The Not-So-Young Networkers.

Posted by truecreek on May 29, 2009 under More Dam News, Research | Be the First to Comment

Another article by Mark Dolliver.  Essentially the same thing happened during the adoption of the internet.  It took a while, but eventually the greatest amount of growth in use was coming from the older population.  In some cases, much older.

Most growth at social networking sites comes from users 30 and older.

By Mark Dolliver

NEW YORK Though social networking still skews young, the practice has been gaining ground among Americans who are on the wrong side of age 30.

Indeed, while noting that use of such Internet sites remains most common among the young, a report on the subject by the Pew Research Center for the People & the Press says that “nearly all of the recent growth in social networking has come among older people.”

The report, analyzing survey data gathered at the end of March and through much of April, shows 43 percent of 30-39-year-olds saying they use social-networking sites — about twice the proportion (21 percent) who said so in a December 2007 survey. The increase has been proportionally even steeper among 40-49-year-olds (from 11 percent then to 29 percent now) and 50-64-year-olds (from 6 percent to 16 percent). The current figure is highest, at 70 percent, among the 18-29-year-olds. But that’s nearly unchanged from the December 2007 poll, when 67 percent of respondents in that age bracket said they use such sites.

If you think the older folks join a social site and then seldom revisit it, think again. When people who use the sites were asked how often they check in on them, the 18-29-year-olds had the highest proportion (at 23 percent) saying they do so several times a day. But the number of respondents saying they do this was quite sizable among the 30-49s (15 percent), the 40-49s (16 percent) and those 50-plus (14 percent). When you combine the several-times-a-day tallies with those saying they check in on the sites “about once a day,” the gap between the 18-29s (48 percent fall into those two categories) and the 30-39s (41 percent) isn’t terribly wide. (The equivalent figure for social networking’s 40-49s is 36 percent, and it’s 34 percent for those 50 and older.)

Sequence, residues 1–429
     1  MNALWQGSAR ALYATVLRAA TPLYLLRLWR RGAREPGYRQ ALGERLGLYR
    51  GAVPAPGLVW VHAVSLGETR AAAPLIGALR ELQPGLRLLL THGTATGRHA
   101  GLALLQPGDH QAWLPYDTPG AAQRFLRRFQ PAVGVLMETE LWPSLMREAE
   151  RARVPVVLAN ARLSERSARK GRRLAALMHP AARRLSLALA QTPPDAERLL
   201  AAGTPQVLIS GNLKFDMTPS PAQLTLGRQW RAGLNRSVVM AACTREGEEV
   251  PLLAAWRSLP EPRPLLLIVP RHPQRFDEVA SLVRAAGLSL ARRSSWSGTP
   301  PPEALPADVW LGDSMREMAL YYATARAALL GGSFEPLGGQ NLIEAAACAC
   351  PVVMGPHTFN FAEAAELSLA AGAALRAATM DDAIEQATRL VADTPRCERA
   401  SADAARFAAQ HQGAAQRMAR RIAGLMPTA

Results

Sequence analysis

The same survey inquired into respondents’ attitudes about the wisdom of sharing personal information online. The poll’s wired respondents split almost evenly between the 43 percent saying it’s “a good thing” and the 44 percent saying it’s “a bad thing” that the Internet “makes it possible for people to share pictures and personal things about themselves with others.”

Men were significantly more likely than women to say it’s a good thing (49 percent vs. 37 percent). And, as you’d expect, younger respondents were more apt than their elders to hold that opinion. The “good thing” vote was 62 percent among the 18-29s, 48 percent among the 30-49s, 35 percent among the 50-64s and 19 percent among those 65-plus.

Though 67 percent of the poll’s social-networking-site users came down on the “good thing” side of the debate, 23 percent said they regard such info-sharing as a bad thing.

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